Is not as easy as it once was, IR does not see through floors but it is the next best thing. The image was taken on a new home never been lived in from on the second floor the carpet had not been laid. I can see in the image where the central duct ran between the joist and where the duct connections were leaking air. Its not so much the problem that the duct was leaking air into a living or conditioned space the problem lies in the air is not delivered to the area intended
Right on, Charlie.
I hope the 1st flr walk-in shower did not overflow into the bathroom. rrr
Nor did this:D:D
I have been keeping tract, these “indoor” leaks find their way to the outside more times than not.
I have had several jobs last summer to find roof leaks that the roofer could not find.
Found the roof was not leaking!
HVAC air between floors soaked the walls from ceiling to floor!
Nice pics guys. Makes me think about offering IR.
I found a similar issue on a new home…
Am I looking at water damage not visible to the naked eye on the drywall?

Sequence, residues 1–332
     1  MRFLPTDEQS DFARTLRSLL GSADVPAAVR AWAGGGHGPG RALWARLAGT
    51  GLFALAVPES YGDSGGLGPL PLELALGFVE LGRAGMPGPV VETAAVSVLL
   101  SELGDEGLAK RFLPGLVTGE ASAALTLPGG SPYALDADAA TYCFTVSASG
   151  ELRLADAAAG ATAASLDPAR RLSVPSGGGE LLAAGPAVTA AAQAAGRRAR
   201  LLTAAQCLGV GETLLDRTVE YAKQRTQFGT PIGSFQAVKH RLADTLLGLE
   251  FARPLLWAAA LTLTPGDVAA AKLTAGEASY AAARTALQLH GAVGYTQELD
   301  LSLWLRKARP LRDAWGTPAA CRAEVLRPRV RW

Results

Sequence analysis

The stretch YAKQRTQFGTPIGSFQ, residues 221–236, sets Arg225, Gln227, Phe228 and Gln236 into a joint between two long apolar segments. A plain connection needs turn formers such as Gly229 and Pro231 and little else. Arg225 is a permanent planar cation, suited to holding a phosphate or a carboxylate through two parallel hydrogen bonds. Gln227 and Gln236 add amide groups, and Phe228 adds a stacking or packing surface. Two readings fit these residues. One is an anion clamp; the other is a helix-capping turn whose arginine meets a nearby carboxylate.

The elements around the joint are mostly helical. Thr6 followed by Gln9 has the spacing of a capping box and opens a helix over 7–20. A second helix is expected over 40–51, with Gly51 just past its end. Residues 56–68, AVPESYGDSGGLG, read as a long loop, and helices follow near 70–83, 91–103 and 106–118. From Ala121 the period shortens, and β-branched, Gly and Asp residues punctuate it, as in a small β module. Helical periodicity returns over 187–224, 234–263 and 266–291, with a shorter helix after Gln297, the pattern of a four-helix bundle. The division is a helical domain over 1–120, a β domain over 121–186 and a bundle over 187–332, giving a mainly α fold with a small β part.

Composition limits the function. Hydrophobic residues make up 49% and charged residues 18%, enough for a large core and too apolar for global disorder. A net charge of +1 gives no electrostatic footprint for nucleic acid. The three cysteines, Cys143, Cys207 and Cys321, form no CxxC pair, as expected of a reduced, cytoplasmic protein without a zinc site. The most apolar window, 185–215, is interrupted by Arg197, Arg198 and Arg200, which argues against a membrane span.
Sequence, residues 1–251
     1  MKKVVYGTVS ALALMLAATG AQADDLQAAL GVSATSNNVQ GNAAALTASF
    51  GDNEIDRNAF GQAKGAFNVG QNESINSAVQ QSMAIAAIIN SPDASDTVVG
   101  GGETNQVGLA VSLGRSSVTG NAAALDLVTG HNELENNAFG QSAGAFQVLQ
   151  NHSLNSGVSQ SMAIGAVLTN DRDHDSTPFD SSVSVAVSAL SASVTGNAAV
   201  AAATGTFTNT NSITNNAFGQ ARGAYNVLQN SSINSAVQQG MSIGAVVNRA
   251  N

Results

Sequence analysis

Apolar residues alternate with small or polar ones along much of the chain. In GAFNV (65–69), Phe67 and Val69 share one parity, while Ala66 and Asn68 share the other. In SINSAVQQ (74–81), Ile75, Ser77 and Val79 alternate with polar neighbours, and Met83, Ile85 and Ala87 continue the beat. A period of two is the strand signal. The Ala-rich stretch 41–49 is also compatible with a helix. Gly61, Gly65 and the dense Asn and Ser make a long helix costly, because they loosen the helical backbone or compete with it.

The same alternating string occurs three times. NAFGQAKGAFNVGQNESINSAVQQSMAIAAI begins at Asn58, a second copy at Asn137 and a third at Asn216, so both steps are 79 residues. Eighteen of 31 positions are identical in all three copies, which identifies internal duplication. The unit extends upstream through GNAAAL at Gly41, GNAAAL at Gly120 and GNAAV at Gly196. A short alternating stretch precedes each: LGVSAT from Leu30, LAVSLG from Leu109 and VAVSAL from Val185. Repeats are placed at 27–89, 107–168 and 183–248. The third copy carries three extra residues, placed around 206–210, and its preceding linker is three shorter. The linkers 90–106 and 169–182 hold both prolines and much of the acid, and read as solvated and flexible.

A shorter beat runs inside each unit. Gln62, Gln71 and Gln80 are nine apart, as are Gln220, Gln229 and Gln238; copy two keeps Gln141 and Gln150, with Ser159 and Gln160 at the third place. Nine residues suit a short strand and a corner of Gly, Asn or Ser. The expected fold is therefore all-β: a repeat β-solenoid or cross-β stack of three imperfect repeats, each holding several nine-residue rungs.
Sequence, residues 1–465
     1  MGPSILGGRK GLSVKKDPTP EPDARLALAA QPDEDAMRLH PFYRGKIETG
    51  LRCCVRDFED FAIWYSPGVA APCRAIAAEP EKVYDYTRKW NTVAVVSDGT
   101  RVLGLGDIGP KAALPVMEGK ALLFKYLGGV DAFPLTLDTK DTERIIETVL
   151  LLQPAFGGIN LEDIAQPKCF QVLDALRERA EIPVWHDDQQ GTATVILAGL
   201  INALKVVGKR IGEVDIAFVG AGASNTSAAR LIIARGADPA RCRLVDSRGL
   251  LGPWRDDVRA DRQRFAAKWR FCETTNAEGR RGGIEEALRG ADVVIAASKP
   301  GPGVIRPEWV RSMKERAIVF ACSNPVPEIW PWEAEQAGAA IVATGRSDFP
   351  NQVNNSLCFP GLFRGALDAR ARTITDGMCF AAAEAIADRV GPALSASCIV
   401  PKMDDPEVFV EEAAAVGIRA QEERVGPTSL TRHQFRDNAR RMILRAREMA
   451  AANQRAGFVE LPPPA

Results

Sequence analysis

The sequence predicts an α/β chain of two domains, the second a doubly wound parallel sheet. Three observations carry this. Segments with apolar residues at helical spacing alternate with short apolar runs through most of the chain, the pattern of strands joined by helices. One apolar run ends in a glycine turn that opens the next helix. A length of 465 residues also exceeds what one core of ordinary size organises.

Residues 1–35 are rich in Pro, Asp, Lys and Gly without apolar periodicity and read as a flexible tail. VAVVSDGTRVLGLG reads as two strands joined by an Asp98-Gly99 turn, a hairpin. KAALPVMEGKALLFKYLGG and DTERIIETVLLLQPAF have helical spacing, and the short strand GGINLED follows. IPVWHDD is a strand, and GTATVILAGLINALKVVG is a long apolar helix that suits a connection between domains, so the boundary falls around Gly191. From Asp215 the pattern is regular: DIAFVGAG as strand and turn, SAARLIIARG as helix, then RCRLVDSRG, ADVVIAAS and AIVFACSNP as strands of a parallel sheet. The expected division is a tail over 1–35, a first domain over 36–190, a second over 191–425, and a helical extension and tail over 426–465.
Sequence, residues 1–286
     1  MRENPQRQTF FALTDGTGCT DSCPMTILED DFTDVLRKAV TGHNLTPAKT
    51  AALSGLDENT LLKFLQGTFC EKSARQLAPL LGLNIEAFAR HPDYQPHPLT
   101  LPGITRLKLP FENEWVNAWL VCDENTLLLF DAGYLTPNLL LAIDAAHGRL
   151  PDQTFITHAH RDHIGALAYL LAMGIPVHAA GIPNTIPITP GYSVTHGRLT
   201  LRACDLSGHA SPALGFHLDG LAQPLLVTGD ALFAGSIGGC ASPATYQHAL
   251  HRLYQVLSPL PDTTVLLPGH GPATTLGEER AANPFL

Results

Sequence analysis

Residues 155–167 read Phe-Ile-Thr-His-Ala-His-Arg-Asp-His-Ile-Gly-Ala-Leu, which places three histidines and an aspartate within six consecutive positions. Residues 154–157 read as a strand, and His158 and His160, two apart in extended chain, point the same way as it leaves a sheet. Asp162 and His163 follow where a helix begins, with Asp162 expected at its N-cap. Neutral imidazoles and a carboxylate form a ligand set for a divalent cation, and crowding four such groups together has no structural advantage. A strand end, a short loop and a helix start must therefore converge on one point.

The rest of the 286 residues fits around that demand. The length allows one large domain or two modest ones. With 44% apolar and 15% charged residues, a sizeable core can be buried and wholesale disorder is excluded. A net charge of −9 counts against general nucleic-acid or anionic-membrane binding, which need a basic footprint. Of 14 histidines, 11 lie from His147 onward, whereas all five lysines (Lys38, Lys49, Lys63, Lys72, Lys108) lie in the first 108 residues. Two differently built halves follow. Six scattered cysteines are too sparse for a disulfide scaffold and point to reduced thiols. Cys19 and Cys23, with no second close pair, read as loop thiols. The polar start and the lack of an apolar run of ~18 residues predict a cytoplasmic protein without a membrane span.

Jeff is the air duct disconnected?
Read an article last year stating that the experts figure from doing random field analysis that the typical American home is losing 20% or more of the efficiency due to poorly designed, constructed ductwork. I think that is too conservative from my own personal observations. I find flex duct connections and joints literally dripping condensation. Couple that with poorly ventilated and the number of attics where the insulation has been compacted or flattened from some bonehead walking through creating the thermal bridging, it isn’t any wonder people’s heating and cooling bills are through the roof.
That, or perhaps a leaking register boot.
That is a leaking HVAC supply duct dumping inside the wall. The leaking duct was about 30 ft. away on the other side of the wall.
This brings the wall down below the dew point and condensation saturated the sheetrock.
This is why you must confirm moisture with another means, not just call it an air leak or moisture.